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Dry Sorbent Injection, CA – Case study

HCL removal with Dry Hydrated Lime Injection

Reduction of hydrochloric acid using Sodimate’s Pneumatic Transfer solution for Dry Sorbent Injection

California, United States

Sodimate upgraded an installation for a cement company located in the Mojave Desert, subject to control its emissions. The plant treats the fumes coming from a rotating kiln, which is the oven that cooks the raw materials to 2700 degrees Fahrenheit and transforms them into cement.

To achieve the reduction of hydrochloric acid [HCl], Sodimate designed and supplied a complete DSI system (Dry Sorbent Injection, a key pollution control technology) for hydrated lime. This solution upgrades a previous slurry tank process also supplied by Sodimate to mix the lime with water before its injection.

Discharging the storage unit

The storage unit is a 105 ton steel silo. This amount is the equivalent of 2.5 days of product. To ensure its complete discharge, the Sodimate’s patented Mechanical Bin Activator is constantly rotating inside the silo’s cone. Its set of steel flexible blades agitates directly the powder and brings it down to a stabilization hopper located at the bottom. Complementary and to meet the client’s request, Sodimate also supplied an air pulse system. This is a backup solution to ensure that the powder discharges correctly.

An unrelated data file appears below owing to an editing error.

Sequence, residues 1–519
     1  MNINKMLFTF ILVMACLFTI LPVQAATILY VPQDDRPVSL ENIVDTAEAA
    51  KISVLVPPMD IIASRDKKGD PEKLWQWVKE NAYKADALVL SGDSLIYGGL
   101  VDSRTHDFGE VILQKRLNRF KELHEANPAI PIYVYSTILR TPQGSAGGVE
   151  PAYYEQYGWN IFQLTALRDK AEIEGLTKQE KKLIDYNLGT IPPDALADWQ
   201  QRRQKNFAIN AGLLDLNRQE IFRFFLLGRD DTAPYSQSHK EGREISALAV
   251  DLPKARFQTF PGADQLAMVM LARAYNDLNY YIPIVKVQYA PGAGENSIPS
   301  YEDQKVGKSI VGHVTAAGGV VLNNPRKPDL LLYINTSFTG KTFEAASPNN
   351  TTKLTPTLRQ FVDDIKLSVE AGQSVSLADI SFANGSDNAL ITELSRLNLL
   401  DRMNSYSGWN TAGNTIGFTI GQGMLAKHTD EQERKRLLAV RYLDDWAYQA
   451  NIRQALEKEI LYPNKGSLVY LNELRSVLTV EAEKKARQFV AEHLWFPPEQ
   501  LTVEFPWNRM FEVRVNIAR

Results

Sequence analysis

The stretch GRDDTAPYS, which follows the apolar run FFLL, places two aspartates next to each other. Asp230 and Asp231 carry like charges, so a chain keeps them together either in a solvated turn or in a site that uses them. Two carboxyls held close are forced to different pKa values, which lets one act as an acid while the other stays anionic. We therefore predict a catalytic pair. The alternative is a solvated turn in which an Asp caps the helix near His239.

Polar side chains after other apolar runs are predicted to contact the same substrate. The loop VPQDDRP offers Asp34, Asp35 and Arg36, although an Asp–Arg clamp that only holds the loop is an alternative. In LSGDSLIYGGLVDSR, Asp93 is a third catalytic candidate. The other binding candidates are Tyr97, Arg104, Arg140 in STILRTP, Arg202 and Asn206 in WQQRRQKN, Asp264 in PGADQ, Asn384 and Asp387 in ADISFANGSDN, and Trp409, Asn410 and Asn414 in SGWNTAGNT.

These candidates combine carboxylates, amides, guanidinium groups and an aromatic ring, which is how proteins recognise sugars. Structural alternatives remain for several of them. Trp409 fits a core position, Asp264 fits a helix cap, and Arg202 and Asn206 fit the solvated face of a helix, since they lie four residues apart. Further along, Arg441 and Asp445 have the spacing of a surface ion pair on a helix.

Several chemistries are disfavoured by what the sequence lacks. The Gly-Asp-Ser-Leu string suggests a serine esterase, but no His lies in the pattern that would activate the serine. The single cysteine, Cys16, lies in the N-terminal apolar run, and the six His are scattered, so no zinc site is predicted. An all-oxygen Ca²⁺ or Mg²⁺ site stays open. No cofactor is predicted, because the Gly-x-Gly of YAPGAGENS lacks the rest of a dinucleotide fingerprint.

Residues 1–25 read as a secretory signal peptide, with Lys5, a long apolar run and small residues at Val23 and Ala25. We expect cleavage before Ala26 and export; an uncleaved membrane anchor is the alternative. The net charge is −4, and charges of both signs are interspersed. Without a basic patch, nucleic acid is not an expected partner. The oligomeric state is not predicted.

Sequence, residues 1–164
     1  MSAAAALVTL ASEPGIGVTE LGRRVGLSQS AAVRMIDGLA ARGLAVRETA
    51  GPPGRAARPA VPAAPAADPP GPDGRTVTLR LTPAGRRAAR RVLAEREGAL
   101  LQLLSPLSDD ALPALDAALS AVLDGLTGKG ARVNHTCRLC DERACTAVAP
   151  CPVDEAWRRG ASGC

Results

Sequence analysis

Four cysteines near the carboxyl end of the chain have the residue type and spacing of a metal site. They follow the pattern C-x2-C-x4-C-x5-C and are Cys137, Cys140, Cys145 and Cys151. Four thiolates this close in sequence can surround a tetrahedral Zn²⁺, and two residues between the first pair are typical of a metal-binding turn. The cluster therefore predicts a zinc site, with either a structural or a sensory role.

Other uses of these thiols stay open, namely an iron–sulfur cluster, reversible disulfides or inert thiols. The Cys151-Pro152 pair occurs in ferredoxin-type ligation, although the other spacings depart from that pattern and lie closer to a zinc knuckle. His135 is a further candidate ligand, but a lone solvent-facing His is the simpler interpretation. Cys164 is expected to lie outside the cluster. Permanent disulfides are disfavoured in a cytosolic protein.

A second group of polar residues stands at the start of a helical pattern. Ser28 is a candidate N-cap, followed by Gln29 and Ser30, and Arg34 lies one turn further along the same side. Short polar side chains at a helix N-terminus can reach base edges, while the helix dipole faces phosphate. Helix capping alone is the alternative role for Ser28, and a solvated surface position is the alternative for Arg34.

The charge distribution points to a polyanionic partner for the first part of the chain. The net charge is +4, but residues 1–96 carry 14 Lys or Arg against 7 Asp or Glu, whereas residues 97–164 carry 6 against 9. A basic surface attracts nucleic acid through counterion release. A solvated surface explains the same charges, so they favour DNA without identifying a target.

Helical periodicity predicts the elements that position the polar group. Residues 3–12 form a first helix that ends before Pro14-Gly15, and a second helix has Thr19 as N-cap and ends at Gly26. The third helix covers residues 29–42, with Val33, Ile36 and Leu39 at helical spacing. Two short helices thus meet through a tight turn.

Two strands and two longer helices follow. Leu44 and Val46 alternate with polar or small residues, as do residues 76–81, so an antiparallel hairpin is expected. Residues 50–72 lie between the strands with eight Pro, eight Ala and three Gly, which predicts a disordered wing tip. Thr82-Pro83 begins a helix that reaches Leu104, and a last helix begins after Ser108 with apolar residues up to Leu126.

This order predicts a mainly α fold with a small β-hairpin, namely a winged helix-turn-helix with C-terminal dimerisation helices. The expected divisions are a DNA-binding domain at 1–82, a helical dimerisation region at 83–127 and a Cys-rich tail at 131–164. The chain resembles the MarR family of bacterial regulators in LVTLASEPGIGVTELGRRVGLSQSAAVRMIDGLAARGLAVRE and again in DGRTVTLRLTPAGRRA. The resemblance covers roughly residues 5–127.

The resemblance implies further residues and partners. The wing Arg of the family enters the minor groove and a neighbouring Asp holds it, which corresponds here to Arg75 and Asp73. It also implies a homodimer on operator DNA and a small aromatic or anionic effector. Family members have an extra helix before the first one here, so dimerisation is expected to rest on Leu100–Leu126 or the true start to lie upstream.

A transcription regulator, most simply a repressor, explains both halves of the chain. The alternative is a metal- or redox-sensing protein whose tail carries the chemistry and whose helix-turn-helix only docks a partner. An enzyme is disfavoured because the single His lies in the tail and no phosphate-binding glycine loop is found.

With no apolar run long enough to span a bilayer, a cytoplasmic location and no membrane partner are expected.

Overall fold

Dosing the lime with accuray

To dose the powder, a double metering unit including two volumetric screw feeders (one on duty, one on standby) is integrated after the discharging unit. These augers deliver between 8-30 lb per minute of product each, depending on their speed and frequency controlled by a couple of VFD (Variable-Frequency Drive). Sodimate gave the correlation between these values from its experience, then the data has been adjusted on site following the true physical properties of the powder.

Conveying to the Bag-House

The conveying system supplied integrates a pneumatic line that starts with 2 regenerative blowers: These units move air using non-positive displacement. They allow some air to pass over a blade and then forward using another blade. This is different from machines that use positive displacement and work by trapping air and forcing it to move.

A flexible duct delivers the powder to the-bag house. To avoid any accumulation of product in the elbows and clogging into the duct, the limit set on the hydrated lime’s speed is 65 ft per second.

A clean result for our environment

Finally the 36-stack bag-house fed with hydrated lime removes it downstream with a particulate matter control device. For modeling purposes, EPA (Environmental Protection Agency) estimates a DSI system with a fabric filter is expected to achieve 90% removal of HCl, although actual performance will vary by individual plant. As a result, nearly all particulates of the cement plant are eliminated, lowering the emissions.

Sodimate also supplies similar equipment that inject powders for Flue Gas Treatment. Powerplants and process furnaces use our pneumatic transfer systems against pollutants such as sulfur oxides as well as heavy metals, dioxins and furans.

by Guillaume Souchet, sales Engineer at Sodimate Inc.